Locations
Atlantic - Northeast
ESTONIA
Lake Ontario
POLAND
SWEDEN
Mechanism
[1] Competition
[4] Predation
Outcomes
[7] Environmental Ecosystem - Habitat
  • [1] Modification of nutrient pool and fluxes
  • [1] Modification of food web
  • [5] Reduction in native biodiversity
[3] Socio-Economic
  • [2] Damage on aquaculture/mariculture/fishery
  • [1] Alteration of recreational use and tourism
Management information
There is currently no known method of eradication or control for Cercopagis pengoi. Prevention of establishment and spread are the only means of management. Most probably, all trans-oceanic introductions of C. pengoi have resulted from the dumping of ship ballast water containing adults or eggs in new locations. Strengthening and improving existing ballast water regulations and promoting awareness of C. pengoi would therefore help in preventing the spread (Birnbaum, 2006). Prompted by the explosive increase of ship-borne exotic species in the Great Lakes, the USA implemented a regulation that requires inbound vessels to exchange freshwater/estuarine ballast with highly saline oceanic water in May 1993 (Ricciardi and MacIssac 2002). In theory, this procedure should have greatly reduce the risk of invasion as freshwater organisms would be purged or killed by seawater and would be replaced by marine organisms that would not survive if released into the freshwaters. However, the recent invasion of C. pengoi causes concern as it was apparently introduced after implementation of ballast water regulations, which raises concern that either these measures are not effective against gametogenic eggs of Cercopagis or control over the water exchange is not effective.\r\n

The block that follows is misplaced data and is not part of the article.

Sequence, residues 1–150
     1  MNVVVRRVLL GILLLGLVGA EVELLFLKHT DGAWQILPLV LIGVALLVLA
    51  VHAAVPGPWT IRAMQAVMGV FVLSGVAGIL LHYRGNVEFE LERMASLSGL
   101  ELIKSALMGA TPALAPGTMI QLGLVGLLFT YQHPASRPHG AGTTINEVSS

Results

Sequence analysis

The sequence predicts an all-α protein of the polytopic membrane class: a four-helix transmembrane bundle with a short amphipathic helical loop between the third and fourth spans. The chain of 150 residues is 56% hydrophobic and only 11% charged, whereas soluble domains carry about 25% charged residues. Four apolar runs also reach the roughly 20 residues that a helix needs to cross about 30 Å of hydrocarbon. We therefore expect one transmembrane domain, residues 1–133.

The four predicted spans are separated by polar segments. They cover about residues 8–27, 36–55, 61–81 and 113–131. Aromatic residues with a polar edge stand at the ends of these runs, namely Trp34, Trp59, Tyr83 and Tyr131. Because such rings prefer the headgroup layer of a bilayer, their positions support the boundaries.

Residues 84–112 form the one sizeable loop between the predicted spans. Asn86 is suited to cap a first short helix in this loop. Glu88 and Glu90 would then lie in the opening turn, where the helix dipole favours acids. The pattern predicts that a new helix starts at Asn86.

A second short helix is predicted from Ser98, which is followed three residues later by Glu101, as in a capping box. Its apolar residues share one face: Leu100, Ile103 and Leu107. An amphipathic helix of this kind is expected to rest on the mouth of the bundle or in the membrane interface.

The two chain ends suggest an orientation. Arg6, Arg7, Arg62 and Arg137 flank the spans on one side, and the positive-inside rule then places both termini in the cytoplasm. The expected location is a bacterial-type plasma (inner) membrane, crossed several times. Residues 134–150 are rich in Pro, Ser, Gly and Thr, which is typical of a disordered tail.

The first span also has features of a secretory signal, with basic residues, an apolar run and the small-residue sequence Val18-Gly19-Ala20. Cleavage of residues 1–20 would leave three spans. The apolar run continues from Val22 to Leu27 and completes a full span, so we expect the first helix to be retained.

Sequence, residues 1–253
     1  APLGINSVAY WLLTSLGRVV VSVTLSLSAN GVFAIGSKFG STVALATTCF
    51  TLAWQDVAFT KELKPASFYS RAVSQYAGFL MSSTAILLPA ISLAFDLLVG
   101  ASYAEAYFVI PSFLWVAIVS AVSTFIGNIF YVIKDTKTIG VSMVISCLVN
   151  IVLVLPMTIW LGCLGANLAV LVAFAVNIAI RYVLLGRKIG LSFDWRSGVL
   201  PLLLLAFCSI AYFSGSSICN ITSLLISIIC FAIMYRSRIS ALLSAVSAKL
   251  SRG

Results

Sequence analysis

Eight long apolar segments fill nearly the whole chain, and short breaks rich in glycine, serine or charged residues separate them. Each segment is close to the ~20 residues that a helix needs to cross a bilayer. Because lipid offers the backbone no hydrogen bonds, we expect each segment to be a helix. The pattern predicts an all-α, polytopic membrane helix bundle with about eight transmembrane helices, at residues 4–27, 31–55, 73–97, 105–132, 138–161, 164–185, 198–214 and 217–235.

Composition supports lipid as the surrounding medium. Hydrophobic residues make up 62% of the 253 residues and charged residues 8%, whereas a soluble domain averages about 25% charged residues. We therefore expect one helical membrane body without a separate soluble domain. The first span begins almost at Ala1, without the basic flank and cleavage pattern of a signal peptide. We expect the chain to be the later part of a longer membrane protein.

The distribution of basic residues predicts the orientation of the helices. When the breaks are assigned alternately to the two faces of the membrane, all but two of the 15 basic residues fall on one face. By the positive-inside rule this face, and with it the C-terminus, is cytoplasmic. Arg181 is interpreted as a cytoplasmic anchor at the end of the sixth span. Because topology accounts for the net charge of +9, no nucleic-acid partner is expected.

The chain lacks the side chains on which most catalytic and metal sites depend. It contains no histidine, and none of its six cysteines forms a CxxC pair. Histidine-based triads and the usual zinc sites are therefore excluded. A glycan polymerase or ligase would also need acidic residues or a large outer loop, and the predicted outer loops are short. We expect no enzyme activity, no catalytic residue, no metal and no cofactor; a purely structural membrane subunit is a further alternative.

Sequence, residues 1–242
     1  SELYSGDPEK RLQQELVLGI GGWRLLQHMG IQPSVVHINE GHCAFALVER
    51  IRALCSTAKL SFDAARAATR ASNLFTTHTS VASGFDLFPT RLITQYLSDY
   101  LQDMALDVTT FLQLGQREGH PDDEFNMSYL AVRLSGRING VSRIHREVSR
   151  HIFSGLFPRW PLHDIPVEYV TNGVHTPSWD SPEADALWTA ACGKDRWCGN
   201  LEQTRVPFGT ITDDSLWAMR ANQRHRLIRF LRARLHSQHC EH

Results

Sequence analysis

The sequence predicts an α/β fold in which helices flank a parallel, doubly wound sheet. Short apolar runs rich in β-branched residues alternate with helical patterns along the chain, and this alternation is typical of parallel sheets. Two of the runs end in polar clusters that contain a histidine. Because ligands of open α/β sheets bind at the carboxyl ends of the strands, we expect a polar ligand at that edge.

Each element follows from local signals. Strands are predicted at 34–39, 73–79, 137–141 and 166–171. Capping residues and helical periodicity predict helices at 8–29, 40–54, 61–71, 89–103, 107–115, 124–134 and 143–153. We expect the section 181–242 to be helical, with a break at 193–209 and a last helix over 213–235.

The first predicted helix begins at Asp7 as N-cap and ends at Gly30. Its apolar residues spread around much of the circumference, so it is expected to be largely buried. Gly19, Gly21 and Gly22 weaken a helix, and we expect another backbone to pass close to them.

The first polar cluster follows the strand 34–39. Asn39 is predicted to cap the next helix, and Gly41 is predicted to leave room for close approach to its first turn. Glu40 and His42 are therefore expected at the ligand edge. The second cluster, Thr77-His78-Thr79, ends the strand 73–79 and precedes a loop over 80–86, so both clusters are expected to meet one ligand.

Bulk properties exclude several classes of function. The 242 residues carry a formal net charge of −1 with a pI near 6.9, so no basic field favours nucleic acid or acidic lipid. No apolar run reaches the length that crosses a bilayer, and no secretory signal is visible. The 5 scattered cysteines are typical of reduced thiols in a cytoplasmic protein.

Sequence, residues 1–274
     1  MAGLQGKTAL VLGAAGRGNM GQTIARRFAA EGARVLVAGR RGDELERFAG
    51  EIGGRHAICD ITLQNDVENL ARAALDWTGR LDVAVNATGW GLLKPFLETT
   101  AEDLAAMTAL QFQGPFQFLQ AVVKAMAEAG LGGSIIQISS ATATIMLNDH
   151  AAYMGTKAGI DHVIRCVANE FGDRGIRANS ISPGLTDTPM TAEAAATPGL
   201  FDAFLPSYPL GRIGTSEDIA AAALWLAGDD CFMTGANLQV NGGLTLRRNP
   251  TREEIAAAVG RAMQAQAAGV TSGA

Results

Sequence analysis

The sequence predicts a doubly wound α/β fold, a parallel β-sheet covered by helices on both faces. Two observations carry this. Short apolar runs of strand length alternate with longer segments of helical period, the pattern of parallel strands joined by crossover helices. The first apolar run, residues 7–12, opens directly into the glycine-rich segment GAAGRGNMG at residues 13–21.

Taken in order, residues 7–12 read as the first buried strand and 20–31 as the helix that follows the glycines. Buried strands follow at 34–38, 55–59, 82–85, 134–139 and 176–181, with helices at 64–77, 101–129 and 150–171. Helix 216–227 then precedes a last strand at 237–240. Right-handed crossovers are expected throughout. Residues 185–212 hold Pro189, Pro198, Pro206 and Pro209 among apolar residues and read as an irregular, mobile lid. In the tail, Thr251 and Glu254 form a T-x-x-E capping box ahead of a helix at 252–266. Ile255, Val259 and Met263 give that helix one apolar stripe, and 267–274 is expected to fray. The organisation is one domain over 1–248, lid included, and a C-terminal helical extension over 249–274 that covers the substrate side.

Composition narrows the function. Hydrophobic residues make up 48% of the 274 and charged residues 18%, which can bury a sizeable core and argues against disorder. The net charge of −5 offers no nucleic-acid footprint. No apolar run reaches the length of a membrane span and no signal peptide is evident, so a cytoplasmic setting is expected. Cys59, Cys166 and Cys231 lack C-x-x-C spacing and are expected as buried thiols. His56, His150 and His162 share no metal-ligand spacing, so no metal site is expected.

A few measures are recommended to prevent further local spread of C. pengoi and other species with similar ecology. Bait or bait water should not be released into water body or transport from one water body to another. Good containment measures should be followed to control both the spread of adults and resting eggs, which are capable of surviving desiccation and freezing for periods of several years. Rinsing boat and equipment with hot water (>40°C), high-pressure water spray, or drying boat and equipment for at least 5 days before re-entering water body will help to control the spread of adult C. pengoi. Thoroughly draining and cleaning motor; bilge, transom and live wells; bait buckets; and fishing apparatus and gear will help to control the spread of adult C. pengoi and resting eggs (Crosier and Molloy, Undated).